WASHINGTON – Vice President Dick Cheney accused Democratic leader Harry Reid on Tuesday of personally pursuing a defeatist strategy in Iraq to win votes at home – a charge Reid dismissed as President Bush’s “attack dog” lashing out.
The particularly harsh exchange came just hours after Bush said he would veto the latest war spending bill taking shape in Congress, which includes a timetable for withdrawing from Iraq.
“Some Democratic leaders seem to believe that blind opposition to the new strategy in Iraq is good politics,” Cheney told reporters at the Capitol after attending the weekly Republican policy lunch. “Senator Reid himself has said that the war in Iraq will bring his party more seats in the next election.
“It is cynical to declare that the war is lost because you believe it gives you political advantage,” Cheney said.
Cheney said he felt compelled to make a statement in front of cameras to express his frustration with Reid, D-Nev., after the Senate majority leader told reporters last week the war was lost. Cheney’s remarks also showed the high stakes involved for the White House in trying to stave off Democratic efforts to end the war.
While Bush has enough Republican votes to sustain his veto, Democrats say they have public opinion on their side and that will eventually force Bush to change.
“This isn’t a political issue,” said House Speaker Nancy Pelosi, D-Calif. “I respect where the president is coming from on this. I wish he would respect where we are coming from, which is a reflection of where the American people are coming from.”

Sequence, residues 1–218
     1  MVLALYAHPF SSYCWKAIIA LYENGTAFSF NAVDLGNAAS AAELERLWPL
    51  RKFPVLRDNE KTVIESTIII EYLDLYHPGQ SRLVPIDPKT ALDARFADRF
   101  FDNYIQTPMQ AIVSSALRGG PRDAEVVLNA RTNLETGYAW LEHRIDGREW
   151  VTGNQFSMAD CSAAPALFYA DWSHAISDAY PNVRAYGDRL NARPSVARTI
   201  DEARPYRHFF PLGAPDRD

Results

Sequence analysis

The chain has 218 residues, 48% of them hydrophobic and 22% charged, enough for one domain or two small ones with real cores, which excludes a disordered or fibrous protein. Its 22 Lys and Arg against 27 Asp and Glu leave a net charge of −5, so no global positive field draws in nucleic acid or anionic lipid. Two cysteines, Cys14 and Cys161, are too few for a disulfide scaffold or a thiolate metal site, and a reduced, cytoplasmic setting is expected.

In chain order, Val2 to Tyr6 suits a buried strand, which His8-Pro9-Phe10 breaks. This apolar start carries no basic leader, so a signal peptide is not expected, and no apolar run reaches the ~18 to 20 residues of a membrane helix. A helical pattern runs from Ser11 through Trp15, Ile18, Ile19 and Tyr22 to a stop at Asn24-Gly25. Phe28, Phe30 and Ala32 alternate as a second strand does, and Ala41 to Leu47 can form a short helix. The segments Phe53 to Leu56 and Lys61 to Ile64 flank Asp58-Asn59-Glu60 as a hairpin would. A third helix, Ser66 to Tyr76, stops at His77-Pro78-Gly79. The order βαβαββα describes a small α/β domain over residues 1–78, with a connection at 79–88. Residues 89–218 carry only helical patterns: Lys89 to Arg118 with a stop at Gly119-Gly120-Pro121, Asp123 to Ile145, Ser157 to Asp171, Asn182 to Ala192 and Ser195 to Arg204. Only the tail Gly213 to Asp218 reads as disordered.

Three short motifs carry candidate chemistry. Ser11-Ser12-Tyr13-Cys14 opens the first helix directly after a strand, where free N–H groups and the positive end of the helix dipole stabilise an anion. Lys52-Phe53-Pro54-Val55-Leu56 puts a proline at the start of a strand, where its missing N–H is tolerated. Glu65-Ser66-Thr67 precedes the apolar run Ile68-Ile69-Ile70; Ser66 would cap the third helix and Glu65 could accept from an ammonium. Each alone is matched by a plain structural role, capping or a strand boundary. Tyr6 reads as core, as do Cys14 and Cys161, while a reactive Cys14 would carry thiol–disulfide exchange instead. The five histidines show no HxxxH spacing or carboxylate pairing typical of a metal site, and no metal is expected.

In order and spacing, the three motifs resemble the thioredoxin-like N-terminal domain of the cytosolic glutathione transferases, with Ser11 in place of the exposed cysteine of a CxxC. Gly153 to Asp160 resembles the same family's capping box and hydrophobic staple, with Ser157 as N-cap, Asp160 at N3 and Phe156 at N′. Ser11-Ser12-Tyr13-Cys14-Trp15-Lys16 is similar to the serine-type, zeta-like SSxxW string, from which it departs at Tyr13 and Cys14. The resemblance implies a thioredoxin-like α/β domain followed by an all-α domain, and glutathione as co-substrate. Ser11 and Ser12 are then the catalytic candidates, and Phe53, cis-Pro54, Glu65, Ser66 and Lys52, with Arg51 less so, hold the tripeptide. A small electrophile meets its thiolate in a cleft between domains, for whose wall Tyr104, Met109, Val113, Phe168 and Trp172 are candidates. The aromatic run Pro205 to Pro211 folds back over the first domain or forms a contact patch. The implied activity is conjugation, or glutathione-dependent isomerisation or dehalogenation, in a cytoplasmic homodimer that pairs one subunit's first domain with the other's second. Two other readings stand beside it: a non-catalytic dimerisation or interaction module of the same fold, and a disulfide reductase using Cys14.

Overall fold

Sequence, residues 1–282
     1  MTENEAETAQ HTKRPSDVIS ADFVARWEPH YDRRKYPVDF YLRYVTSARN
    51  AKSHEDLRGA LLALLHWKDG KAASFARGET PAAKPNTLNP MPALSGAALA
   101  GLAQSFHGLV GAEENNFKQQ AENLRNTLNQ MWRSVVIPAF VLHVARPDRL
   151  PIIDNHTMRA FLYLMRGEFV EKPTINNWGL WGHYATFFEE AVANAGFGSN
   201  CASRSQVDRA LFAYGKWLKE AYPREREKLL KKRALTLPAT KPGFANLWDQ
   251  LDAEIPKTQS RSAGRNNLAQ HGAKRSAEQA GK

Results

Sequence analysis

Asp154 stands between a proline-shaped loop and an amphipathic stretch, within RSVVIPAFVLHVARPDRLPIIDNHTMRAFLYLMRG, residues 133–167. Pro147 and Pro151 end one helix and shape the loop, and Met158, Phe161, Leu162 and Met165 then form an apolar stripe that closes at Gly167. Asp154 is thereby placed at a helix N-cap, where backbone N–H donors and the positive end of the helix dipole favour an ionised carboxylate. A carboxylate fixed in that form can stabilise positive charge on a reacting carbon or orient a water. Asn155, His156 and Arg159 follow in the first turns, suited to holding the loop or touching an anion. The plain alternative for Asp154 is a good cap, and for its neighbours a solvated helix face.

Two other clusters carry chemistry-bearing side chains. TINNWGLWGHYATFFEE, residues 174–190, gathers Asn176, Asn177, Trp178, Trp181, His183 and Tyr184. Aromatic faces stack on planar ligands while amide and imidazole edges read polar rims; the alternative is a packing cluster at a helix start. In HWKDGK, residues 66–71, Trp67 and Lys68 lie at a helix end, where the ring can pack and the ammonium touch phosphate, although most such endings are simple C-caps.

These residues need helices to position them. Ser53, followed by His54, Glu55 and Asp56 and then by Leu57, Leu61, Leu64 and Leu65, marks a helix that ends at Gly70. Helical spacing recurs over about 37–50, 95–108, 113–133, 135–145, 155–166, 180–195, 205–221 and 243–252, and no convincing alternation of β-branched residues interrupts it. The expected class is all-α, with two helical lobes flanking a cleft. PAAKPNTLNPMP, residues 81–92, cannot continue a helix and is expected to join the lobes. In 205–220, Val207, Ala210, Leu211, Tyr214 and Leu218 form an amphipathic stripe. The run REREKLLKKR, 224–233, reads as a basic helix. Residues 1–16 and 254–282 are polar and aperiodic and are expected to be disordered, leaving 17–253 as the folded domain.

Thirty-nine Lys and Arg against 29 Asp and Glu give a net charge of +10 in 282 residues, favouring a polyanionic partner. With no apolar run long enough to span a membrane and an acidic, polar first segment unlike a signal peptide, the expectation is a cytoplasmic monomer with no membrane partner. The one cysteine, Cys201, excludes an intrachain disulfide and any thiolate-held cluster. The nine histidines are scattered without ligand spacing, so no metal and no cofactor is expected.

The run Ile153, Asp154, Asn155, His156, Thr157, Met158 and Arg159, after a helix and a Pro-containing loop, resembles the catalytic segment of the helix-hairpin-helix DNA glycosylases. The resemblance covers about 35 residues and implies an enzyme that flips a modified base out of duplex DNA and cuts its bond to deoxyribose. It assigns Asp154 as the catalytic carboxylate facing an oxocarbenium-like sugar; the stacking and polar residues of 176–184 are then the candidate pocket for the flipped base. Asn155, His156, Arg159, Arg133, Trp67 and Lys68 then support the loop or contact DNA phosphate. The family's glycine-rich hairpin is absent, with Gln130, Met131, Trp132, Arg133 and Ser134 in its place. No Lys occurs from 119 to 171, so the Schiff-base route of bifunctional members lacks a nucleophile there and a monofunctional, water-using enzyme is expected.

Reid shrugged off Cheney’s remarks – but with his own dig at the vice president.
“I’m not going to get into a name-calling match with the administration’s chief attack dog,” he said.
The $124.2 billion legislation would continue to fund the war in Iraq but also would require that troops begin pulling out by Oct. 1 – or earlier if the Iraqi government does not make progress in tamping down sectarian violence and forging political agreements. The bill ultimately sets a nonbinding goal for combat operations to end by April 1, 2008.
“It’s a good piece of legislation,” Reid said. “I would hope the president would stop being so brusque and waving it off. This is a bill that is good for the troops. It’s good for the country.”
With Democrats expecting to send Bush the final bill as early as next week, Bush stood firm Tuesday against any measure that would set a timetable for withdrawal.
“They chose to make a political statement,” he said. “That’s their right, but it is wrong for our troops and it’s wrong for our country. To accept the bill proposed by the Democratic leadership would be to accept a policy that directly contradicts the judgment of our military commanders.”
House Majority Leader Steny Hoyer said Democrats will ignore the veto threat and send the bill to Bush in the hope that he will have a change of heart. But, Hoyer added, they don’t expect it.
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